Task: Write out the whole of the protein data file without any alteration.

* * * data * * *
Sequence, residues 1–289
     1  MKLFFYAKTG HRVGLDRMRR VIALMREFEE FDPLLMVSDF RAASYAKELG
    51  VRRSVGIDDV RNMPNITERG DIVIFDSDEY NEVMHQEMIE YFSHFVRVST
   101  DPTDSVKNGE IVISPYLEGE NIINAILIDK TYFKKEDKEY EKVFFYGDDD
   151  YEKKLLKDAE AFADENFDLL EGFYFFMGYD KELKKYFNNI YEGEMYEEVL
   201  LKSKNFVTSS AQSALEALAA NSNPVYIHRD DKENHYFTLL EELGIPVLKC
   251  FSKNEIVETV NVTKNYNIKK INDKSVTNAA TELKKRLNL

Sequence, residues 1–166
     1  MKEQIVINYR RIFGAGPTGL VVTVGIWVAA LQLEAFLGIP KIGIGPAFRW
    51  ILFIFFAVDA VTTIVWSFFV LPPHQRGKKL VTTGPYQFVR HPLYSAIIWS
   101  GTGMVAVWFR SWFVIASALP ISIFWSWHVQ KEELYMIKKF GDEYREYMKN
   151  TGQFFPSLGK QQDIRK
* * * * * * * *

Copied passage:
Sequence, residues 1–289
     1  MKLFFYAKTG HRVGLDRMRR VIALMREFEE FDPLLMVSDF RAASYAKELG
    51  VRRSVGIDDV RNMPNITERG DIVIFDSDEY NEVMHQEMIE YFSHFVRVST
   101  DPTDSVKNGE IVISPYLEGE NIINAILIDK TYFKKEDKEY EKVFFYGDDD
   151  YEKKLLKDAE AFADENFDLL EGFYFFMGYD KELKKYFNNI YEGEMYEEVL
   201  LKSKNFVTSS AQSALEALAA NSNPVYIHRD DKENHYFTLL EELGIPVLKC
   251  FSKNEIVETV NVTKNYNIKK INDKSVTNAA TELKKRLNL

Sequence, residues 1–166
     1  MKEQIVINYR RIFGAGPTGL VVTVGIWVAA LQLEAFLGIP KIGIGPAFRW
    51  ILFIFFAVDA VTTIVWSFFV LPPHQRGKKL VTTGPYQFVR HPLYSAIIWS
   101  GTGMVAVWFR SWFVIASALP ISIFWSWHVQ KEELYMIKKF GDEYREYMKN
   151  TGQFFPSLGK QQDIRK